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Knowledge in Farenheit 451 by Ray Bradbury Essay

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In today’s society people react to what is going on around them in many different ways. Some decide that they do not know enough and decide to learn more. Others either think that they know enough or they just do not care. In Ray Bradbury’s Fahrenheit 451 two of the main characters demonstrate these traits. Bradbury uses the people and symbols to convey his message: that if people do not start to cherish their freedom on knowledge, they will lose it. Bradbury also uses the overabundance of technology to show how people’s understanding of the way the world works deteriorates. Through the characters Guy Montag and his wife Mildred Montag, Bradbury demonstrates the will, and lack thereof, to learn, the effect society and technology has on them, and how the two of them respond to the knowledge and insight of books when given the opportunity.
Guy Montag, usually referred to as “Montag,” is a third generation fireman in the world of Fahrenheit 451 (Bradbury 42). His world is a place where firemen start fires rather than putting them out; until the start of the book he does not question anything he is told (Bradbury 15). Montag goes through a series of events that cause him to doubt what he has always known. He learns that not all people are what his society finds normal, and when a woman is burned alive he feels that he needs to know more about what these books are all about (Bradbury 16, 35). As these events unfold before him, Guy becomes more and more intrigued with the books. He becomes so intrigued that he steals a book from the woman’s house before they burn it, which is later revealed that he has been doing for a while (Bradbury 34, 53). Throughout all this Montag finds that he is quite unhappy with his life, but he does not kn...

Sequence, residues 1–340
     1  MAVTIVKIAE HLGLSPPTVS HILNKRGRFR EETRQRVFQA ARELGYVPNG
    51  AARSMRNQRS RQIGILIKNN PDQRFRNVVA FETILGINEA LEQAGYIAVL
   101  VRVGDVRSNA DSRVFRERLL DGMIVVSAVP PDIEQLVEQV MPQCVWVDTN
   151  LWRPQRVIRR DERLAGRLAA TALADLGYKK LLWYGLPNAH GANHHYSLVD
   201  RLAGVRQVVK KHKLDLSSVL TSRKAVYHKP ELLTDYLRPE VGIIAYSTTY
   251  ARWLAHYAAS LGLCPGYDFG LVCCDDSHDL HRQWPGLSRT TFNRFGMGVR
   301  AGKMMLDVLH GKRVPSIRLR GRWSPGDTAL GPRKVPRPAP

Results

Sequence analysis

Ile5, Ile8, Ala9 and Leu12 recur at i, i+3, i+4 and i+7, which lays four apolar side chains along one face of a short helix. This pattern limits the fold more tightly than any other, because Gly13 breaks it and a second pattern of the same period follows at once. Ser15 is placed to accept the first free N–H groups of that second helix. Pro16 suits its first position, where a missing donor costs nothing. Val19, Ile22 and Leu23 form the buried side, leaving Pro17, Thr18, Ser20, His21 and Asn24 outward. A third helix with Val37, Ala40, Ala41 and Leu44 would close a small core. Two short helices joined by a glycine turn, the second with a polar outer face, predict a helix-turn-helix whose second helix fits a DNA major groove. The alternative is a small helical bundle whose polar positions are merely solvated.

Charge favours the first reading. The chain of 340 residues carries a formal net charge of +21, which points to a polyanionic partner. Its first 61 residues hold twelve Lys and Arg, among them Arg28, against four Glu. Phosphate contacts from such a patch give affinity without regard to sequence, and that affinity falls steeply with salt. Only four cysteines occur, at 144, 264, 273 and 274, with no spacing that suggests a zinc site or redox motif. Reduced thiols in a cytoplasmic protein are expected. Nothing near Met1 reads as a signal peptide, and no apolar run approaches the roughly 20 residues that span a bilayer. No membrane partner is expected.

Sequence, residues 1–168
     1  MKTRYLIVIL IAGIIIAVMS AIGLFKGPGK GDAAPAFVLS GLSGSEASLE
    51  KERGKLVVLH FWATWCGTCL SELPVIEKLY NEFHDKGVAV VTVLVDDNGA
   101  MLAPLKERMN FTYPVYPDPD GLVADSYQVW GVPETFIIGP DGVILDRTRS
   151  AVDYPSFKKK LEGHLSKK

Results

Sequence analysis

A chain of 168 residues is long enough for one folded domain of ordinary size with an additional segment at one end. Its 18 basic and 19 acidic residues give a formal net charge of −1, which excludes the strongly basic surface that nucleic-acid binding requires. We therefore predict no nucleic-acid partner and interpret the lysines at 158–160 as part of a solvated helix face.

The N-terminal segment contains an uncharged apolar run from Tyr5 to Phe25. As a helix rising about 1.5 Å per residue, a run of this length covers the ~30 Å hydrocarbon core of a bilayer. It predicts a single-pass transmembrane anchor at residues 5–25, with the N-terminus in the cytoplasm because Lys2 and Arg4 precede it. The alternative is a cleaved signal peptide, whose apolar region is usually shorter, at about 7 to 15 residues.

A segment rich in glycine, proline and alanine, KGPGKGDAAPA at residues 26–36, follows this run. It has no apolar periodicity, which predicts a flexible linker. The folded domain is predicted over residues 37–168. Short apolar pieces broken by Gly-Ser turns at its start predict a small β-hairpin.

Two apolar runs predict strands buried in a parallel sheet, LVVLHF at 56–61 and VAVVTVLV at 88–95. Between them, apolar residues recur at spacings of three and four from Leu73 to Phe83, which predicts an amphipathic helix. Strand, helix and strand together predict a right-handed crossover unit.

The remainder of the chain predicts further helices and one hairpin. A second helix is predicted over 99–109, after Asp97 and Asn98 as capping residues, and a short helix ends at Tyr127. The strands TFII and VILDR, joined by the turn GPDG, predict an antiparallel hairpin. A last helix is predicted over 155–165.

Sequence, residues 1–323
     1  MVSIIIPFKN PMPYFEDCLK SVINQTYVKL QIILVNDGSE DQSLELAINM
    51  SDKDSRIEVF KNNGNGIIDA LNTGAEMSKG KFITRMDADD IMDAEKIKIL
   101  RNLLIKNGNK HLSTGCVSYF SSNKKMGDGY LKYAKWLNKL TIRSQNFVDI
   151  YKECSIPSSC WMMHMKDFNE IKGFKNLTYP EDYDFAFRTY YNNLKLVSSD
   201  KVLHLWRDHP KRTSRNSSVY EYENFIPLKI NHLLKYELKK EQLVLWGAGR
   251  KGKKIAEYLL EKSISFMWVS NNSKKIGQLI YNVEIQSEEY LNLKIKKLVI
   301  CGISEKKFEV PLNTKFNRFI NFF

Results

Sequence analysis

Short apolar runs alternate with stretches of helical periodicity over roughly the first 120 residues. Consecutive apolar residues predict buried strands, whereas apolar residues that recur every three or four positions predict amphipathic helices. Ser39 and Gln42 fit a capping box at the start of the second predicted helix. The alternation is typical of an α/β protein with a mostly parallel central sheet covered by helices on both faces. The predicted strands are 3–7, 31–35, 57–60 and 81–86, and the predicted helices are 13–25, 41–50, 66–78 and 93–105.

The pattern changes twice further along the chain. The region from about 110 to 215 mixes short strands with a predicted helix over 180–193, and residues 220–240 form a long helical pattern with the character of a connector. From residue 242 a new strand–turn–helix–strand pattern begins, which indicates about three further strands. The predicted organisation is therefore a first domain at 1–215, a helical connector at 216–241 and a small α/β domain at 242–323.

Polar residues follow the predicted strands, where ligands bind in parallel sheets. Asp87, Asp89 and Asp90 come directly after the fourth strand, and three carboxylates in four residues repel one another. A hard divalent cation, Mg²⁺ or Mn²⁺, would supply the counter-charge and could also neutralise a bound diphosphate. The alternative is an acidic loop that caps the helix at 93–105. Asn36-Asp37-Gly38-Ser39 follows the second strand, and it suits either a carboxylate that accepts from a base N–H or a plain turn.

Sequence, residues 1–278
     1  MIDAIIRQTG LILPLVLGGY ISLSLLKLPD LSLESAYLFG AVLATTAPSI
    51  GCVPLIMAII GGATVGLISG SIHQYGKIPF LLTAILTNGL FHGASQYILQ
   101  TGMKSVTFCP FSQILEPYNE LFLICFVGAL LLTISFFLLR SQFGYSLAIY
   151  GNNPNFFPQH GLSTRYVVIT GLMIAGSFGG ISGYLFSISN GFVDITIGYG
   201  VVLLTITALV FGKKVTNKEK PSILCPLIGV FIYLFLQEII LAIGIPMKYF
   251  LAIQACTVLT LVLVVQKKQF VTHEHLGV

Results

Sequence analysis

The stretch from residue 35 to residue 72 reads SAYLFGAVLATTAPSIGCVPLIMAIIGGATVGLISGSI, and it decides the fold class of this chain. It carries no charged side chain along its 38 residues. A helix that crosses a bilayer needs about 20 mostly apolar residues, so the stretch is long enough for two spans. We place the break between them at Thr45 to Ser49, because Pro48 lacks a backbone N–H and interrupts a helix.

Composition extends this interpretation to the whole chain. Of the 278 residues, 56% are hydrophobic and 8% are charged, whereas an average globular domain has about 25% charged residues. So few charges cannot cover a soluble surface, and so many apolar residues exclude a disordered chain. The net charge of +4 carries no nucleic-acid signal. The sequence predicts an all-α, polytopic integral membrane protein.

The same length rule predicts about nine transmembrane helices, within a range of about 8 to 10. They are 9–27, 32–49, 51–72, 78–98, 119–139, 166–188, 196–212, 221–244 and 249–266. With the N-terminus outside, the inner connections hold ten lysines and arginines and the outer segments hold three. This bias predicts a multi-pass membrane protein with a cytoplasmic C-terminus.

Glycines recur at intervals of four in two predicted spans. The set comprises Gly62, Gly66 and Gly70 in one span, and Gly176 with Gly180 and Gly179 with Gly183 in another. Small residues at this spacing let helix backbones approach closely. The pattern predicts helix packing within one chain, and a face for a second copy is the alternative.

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...o lose their perception of the world, but also if they did happen to get that far away from their knowledge then their society and humanity as they knew it would cease to exist.



Works Cited
Bradbury, Ray. Fahrenheit 451. New York: Simon and Schuster, 1967. PDF.
Patai, Daphne. "Ray Bradbury and the Assault on Free Thought." Society 50.1 (2013): 41-47. Academic Search Complete. Web. 20 Apr. 2014.
Sisario, Peter. "A Study of the Allusions in Bradbury's "Fahrenheit 451"" The English Journal Feb 59.2 (1970): 201+. JSTOR. Web. 20 Apr. 2014.
Smolla, Rodney A. "The Life of the Mind and a Life of Meaning: Reflections on "Fahrenheit 451"" Michigan Law Review Survey of Books Related to the Law 107.6 (2009): 895-912. JSTOR. Web. 20 Apr. 2014.
Telgen, Diane, ed. "Fahrenheit 451: Ray Bradbury 1953." Novels for Students. Vol. 1. Detroit, MI: Gale Research, 1997. 138-57. Print.



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